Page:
Indecent Bodies in Early Modern Visual Culture
Indecent Bodies in Early Modern Visual Culture
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List of Illustrations
Indecent Bodies in Early Modern Visual Culture: An Introduction (Fabian Jonietz, Mandy Richter, Alison G. Stewart)
Taste, Lust, and the Male Body: Sexual Representations in Early Sixteenth-Century Northern Europe (Alison B. Stewart)
Private Viewings: The Frankfurt Context of Sebald Beham’s Die Nacht (Miriam Hall Kirch)
To Show or Not to Show? Marcantonio Raimondi and the Representation of Female Pubic Hair (Mandy Richter)
Treating Bodily Impurities: Skin, Art, and Medicine (Romana Sammern)
Indecent Exposure and Honourable Uncovering in Renaissance Portraits of Women (Bette Talvacchia)
Lust in Translation: Agency, Sexuality and Gender Configuration in Pauwels Franck’s Allegories of Love (Ricardo De Mambro Santos)
‘So This Guy Walks into a Forest … :’ Obscenity, Humor, Sex, and the Equine Body in Hans Baldung’s Horses in a Forest Woodcuts (1534) (Pia F. Cuneo)
Indecent Creativity and the Tropes of Human Excreta (Fabian Jonietz)
‘It all turns to shit’ – The Land of Cockaigne in Sixteenth-Century German Woodcuts (Susanne Meurer)
Noëls and Bodily Fluids: The Business of Low-Country Ceremonial Fountains (Catherine Emerson)
About the Authors

Indecent Bodies in Early Modern Visual Culture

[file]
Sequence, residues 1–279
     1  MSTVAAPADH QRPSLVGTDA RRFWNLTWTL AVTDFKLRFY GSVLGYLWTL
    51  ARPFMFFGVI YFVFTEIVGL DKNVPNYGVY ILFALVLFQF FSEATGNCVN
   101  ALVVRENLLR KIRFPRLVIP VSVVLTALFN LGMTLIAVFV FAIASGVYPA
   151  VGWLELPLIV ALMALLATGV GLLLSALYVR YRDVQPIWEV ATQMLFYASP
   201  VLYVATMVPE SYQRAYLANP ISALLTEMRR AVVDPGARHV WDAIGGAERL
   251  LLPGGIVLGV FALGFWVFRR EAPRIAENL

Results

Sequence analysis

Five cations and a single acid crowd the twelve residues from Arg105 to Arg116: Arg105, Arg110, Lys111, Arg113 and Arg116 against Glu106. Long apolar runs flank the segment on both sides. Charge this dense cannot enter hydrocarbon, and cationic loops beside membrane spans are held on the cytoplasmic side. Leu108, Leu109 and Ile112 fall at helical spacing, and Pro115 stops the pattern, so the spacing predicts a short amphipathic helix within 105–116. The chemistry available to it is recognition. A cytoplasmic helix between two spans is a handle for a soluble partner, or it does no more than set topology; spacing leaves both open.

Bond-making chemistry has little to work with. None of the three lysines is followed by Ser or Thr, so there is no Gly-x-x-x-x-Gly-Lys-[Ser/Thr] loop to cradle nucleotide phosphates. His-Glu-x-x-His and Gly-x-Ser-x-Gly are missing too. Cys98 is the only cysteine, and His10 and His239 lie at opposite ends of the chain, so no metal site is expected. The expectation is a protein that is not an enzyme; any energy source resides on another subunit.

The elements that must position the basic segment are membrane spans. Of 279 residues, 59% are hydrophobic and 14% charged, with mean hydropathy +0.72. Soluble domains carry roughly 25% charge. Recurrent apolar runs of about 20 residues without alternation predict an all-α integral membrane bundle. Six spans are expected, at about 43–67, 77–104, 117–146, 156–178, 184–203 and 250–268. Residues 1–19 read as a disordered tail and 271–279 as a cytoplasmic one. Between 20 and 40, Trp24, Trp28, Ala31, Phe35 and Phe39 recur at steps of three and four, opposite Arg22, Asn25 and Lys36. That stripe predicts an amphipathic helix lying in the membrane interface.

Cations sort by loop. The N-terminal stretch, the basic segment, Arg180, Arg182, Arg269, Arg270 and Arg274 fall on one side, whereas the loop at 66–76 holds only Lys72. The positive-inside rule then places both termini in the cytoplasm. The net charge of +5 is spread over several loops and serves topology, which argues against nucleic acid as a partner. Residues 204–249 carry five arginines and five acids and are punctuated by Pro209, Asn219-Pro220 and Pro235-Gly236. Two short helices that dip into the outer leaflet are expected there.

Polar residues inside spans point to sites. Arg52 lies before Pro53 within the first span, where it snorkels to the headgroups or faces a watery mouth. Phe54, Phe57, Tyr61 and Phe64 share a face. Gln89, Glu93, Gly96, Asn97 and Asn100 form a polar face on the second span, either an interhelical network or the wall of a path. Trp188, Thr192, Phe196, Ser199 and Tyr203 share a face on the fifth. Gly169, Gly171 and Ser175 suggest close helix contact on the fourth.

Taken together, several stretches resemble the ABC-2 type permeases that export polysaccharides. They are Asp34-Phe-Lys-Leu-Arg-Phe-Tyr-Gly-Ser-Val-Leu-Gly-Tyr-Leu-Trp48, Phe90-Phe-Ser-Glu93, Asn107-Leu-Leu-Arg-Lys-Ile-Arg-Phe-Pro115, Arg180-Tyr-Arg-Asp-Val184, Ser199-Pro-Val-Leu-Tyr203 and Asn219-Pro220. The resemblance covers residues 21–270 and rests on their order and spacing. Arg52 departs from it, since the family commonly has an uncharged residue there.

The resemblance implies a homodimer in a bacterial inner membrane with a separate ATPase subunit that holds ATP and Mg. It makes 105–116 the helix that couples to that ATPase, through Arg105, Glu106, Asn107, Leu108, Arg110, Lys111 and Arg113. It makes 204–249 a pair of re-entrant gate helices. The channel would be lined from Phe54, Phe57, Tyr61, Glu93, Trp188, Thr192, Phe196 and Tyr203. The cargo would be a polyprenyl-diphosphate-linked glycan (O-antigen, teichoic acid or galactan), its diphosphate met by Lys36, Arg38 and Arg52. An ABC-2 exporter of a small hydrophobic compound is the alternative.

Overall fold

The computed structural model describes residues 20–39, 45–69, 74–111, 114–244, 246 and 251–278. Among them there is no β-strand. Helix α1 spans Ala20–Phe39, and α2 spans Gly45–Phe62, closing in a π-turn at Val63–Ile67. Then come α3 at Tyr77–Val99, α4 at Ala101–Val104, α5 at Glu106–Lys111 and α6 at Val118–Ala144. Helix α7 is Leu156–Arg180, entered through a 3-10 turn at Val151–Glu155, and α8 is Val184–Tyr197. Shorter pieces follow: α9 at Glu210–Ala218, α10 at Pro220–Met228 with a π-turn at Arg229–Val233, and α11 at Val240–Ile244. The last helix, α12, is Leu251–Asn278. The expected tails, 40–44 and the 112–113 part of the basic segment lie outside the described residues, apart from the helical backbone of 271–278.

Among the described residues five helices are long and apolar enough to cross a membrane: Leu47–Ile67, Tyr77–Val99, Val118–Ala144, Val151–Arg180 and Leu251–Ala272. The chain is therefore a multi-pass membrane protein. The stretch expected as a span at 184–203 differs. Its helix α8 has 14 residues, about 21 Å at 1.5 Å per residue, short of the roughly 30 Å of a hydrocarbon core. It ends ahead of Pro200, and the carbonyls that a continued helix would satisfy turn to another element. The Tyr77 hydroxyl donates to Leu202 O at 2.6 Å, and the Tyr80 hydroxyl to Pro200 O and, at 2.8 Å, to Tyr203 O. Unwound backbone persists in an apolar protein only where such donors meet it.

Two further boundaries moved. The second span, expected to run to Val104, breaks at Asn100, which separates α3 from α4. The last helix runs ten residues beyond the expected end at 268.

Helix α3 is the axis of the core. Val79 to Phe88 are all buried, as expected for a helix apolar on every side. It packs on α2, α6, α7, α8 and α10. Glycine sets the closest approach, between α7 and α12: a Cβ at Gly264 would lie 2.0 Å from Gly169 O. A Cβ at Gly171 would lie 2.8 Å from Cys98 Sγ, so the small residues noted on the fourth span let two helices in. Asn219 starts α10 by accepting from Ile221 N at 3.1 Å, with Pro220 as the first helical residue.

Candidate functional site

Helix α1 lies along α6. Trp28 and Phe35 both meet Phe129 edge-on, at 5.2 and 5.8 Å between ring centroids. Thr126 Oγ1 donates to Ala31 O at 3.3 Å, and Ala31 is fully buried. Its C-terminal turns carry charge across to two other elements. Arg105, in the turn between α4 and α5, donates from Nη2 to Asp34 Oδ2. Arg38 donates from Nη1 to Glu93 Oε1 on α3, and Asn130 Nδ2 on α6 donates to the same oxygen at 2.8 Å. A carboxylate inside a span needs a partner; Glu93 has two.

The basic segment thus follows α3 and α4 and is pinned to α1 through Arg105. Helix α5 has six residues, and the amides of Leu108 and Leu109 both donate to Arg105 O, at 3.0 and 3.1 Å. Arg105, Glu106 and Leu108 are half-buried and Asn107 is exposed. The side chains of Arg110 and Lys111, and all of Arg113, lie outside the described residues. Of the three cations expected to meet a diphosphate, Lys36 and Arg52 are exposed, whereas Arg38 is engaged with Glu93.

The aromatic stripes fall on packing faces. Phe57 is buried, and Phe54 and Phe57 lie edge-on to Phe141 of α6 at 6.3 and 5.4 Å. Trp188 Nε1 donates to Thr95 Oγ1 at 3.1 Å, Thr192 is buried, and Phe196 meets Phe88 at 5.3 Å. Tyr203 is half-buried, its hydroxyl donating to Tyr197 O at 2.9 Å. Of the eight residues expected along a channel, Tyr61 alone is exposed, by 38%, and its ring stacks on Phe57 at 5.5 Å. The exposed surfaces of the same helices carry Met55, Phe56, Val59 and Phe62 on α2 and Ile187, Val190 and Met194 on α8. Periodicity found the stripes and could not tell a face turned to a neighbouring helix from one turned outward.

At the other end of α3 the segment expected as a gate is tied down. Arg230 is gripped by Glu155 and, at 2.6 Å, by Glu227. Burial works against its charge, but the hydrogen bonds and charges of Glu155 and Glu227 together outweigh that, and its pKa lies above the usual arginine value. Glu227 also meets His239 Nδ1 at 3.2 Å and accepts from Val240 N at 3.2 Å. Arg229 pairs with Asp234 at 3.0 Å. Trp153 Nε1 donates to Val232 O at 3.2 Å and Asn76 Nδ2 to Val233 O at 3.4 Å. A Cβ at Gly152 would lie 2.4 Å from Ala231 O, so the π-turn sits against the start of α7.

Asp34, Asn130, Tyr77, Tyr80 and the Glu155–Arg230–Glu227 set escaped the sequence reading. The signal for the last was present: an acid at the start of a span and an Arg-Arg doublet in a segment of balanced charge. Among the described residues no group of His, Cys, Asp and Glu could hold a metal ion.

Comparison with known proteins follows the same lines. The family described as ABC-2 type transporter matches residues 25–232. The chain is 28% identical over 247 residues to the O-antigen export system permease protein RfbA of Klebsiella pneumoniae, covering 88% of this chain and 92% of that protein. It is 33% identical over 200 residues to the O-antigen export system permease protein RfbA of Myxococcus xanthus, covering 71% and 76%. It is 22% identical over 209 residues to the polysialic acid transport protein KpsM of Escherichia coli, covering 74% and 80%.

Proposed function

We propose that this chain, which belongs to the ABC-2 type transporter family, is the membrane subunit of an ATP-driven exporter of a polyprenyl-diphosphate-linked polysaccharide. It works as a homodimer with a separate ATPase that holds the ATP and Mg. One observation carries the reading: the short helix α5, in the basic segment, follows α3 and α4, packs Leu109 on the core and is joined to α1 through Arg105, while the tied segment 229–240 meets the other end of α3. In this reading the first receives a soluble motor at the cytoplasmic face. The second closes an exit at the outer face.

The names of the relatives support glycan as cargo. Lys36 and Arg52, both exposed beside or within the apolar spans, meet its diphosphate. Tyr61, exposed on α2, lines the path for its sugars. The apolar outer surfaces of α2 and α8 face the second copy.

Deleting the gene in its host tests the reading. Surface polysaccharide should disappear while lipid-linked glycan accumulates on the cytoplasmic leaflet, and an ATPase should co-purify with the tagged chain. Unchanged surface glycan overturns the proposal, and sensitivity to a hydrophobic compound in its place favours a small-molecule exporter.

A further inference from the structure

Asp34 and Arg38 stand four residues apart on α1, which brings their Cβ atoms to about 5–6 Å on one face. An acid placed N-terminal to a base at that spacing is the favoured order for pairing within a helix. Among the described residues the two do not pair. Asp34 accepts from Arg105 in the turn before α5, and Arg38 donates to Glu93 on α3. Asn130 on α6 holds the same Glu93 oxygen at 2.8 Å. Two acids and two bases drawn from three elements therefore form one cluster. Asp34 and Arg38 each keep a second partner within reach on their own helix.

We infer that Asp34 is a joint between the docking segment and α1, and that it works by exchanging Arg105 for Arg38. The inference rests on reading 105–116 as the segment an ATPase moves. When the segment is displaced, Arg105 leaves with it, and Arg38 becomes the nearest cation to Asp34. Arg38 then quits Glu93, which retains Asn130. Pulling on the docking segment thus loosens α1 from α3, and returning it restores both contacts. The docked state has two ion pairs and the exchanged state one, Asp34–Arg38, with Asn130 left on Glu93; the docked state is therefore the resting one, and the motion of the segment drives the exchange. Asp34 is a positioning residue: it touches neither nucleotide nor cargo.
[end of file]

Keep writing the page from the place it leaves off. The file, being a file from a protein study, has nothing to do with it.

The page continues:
De onderstaande tekst is niet beschikbaar in het Nederlands en wordt in het Engels weergegeven.
The life-like depiction of the body became a central interest and defining characteristic of the European Early Modern period that coincided with the establishment of which images of the body were to be considered ‘decent’ and representable, and which disapproved, censored, or prohibited. Simultaneously, artists and the public became increasingly interested in the depiction of specific body parts or excretions. This book explores the concept of indecency and its relation to the human body across drawings, prints, paintings, sculptures, and texts. The ten essays investigate questions raised by such objects about practices and social norms regarding the body, and they look at the particular function of those artworks within this discourse. The heterogeneous media, genres, and historical contexts north and south of the Alps studied by the authors demonstrate how the alleged indecency clashed with artistic intentions and challenges traditional paradigms of the historiography of Early Modern visual culture.

Fabian Jonietz

Fabian Jonietz is a scholar at the Zentralinstitut für Kunstgeschichte in Munich, where he leads a research project on the pre-modern commemoration of animals. After receiving his Ph.D. in Art History (LMU Munich, 2012), he has been awarded various fellowships and held research and teaching positions in Germany, Italy, Switzerland, and the United States.

Mandy Richter

Mandy Richter works at the Kunsthistorisches Institut in Florenz – Max-Planck-Institut. In 2014, she received her Ph.D. in Art History and is the author of the monograph Die Renaissance der Kauernden Venus. Ihr Nachleben zwischen Aktualisierung und Neumodellierung von 1500 bis 1570 (Petersberg: Harrasowitz, 2016).

Alison Stewart

The research of Alison G. Stewart (Ph.D., Columbia University; Professor of Art History Emerita, University of Nebraska-Lincoln, since September 2020) has centred on sixteenth-century secular imagery. Her books include Before Bruegel and Crossroads. Her most recent work addresses Sebald Beham’s move away from Dürer’s Nuremberg to Frankfurt am Main.